Ordinarily, property owners have the right to refuse animals while renting their property. However, specific circumstance exists when there is a dog, cat, or possibly another animal the law does not consider a “pet.” When a disabled person with an assistance animal applies to rent a property, a property owner cannot refuse to rent to the prospective tenant on the grounds of having an animal or “pet.” An assistance animal is definitely NOT a pet. This is law under Title II of the American Disabilities Act of 1990.
Definition of a service animal - a service animal is one individually trained to do work or perform tasks for the benefit of a person with a disability. A service animal, such as a dog, can be any breed or size. It might wear specialized equipment such as a backpack, harness, special collar, or leash, but this is not a legal requirement. Service animals are not always limited to dogs.
Determining a true service animal - housing providers may ask an applicant or tenant to provide documentation from a qualified professional that the individual has a disability and requires a service animal as an accommodation.
What you cannot ask - housing providers may NOT ask an applicant or tenant to provide:
- Any details about the applicant's/tenant's disability
- Medical records
- Proof of training (such as a training certificate)
Forgo “no pets” policy - under Federal, State, and local Fair Housing laws, individuals with disabilities may ask their housing provider to make reasonable accommodations in the property to allow for their use of a companion/assistive animal and remove any “no pets” policy.
Service Animal Training – generally, they train most service animals to assist the disabled person with individual needs relative to that person's disability. While some animals receive certification papers, others do not. It is legitimate for a person with a disability to train his/her own service animal. There is currently no national standard with which to evaluate the training or performance of any type of service animal, including guide dogs. You may not require the disabled tenant to provide proof of the service animal's training.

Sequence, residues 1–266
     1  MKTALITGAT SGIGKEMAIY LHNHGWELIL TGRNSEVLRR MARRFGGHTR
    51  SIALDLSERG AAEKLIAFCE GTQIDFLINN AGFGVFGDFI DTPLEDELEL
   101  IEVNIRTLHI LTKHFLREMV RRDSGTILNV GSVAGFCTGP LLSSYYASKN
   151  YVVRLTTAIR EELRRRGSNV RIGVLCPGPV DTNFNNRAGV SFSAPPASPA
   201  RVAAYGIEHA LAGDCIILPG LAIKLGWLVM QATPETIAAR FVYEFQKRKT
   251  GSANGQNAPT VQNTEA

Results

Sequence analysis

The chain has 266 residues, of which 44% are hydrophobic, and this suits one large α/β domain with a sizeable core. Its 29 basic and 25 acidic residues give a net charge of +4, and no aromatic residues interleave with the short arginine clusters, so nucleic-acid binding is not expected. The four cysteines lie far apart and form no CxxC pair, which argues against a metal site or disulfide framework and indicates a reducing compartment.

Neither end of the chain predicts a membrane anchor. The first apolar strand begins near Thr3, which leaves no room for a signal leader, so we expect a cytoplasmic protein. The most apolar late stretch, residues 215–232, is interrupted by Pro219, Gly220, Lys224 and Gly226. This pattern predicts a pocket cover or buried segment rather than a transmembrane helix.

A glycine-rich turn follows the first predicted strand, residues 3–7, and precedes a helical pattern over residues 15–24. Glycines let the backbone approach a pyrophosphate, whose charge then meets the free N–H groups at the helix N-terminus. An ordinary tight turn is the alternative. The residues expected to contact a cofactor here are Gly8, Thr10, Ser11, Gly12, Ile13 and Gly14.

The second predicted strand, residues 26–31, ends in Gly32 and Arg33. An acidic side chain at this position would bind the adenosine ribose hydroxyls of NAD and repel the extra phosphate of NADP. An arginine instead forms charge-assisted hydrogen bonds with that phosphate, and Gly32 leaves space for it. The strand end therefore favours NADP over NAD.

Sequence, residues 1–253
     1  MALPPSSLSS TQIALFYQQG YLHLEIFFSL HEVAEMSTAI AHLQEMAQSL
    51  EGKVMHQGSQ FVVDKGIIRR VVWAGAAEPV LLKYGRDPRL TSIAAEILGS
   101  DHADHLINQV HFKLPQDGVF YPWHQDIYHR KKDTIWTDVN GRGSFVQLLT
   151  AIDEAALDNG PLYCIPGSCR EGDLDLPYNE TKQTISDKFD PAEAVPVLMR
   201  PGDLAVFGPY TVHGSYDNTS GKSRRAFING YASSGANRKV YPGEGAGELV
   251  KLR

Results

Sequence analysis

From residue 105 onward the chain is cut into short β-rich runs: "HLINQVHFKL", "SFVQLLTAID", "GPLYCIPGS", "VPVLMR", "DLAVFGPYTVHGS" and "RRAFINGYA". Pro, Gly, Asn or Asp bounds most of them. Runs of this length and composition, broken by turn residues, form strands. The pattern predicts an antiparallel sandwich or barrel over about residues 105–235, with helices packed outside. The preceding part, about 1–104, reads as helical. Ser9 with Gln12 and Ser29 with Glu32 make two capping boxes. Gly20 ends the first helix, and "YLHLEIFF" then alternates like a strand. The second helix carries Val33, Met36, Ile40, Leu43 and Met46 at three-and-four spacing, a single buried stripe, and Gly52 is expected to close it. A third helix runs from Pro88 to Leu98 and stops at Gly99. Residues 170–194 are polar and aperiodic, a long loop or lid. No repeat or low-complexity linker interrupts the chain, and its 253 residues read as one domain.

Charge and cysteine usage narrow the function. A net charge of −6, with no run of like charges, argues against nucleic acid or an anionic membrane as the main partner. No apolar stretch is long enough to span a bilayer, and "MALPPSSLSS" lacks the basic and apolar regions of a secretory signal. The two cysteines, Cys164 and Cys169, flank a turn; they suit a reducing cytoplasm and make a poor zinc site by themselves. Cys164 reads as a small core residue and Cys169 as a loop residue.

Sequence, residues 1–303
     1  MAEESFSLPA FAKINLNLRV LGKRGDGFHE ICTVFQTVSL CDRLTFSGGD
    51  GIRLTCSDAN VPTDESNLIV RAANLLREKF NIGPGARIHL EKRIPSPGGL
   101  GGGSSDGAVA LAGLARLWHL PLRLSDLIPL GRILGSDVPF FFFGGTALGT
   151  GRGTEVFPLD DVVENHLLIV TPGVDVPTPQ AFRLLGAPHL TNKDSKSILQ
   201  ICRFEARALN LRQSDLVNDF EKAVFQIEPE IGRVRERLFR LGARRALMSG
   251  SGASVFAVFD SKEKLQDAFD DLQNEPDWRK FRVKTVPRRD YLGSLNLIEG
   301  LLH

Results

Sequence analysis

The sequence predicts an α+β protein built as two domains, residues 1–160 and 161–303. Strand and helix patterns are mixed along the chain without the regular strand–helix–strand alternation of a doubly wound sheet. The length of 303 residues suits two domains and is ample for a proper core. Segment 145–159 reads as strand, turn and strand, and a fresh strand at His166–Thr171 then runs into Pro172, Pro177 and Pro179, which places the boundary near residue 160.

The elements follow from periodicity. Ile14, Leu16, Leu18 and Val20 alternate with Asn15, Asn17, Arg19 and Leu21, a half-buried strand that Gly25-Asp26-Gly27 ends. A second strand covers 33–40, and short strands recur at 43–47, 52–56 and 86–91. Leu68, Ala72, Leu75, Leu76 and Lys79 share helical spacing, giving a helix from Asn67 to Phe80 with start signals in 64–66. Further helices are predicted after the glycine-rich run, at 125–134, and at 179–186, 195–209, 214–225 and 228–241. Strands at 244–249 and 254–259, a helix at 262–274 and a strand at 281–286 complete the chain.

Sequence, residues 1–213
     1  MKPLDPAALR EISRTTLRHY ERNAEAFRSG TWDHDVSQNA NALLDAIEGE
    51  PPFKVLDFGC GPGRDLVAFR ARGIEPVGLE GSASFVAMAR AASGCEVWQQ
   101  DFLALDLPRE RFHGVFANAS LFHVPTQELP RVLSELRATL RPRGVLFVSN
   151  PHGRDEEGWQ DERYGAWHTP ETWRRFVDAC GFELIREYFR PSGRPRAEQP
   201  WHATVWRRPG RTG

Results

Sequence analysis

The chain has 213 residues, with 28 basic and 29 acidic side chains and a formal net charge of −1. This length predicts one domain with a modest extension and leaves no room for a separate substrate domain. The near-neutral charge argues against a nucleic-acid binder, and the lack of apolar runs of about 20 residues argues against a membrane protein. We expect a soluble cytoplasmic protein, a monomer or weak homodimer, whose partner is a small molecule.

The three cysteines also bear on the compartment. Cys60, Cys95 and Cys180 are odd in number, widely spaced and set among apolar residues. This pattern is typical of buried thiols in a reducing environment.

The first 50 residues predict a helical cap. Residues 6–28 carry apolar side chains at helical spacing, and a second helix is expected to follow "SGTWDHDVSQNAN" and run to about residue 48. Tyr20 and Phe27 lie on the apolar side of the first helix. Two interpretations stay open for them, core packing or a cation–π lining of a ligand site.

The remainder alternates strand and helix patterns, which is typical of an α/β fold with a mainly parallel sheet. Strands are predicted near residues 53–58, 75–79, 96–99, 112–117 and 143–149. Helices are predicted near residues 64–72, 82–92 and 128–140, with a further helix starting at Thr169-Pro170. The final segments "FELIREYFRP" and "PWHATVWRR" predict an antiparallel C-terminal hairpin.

No additional Deposits - a service animal is not a pet and you cannot lawfully require any additional deposits. You also cannot retaliate by creating a higher deposit or higher rent than what you would require for other prospective applicants for the property.
Service Animal Damages – you can hold the tenant responsible for the actions of his/her animal for any damage to your property. Additionally, the tenant must comply with any of your established policies such as cleanliness and maintenance of the unit as well as leash requirements and noise guidelines. In most cases, assistance animals are usually well behaved.
Proper tenant screening - you cannot refuse to rent to a disabled tenant and their service animal, but as your property manager, but you can require them to process through the same application practices as other tenants. You do not have to accept an application with a poor rental record using your standard screening requirements.
Obviously, a service animal is a sensitive issue and as your property management company, we know the importance of following the law to avoid any legal issues. However, we will require them to meet our screening standards to protect your investment.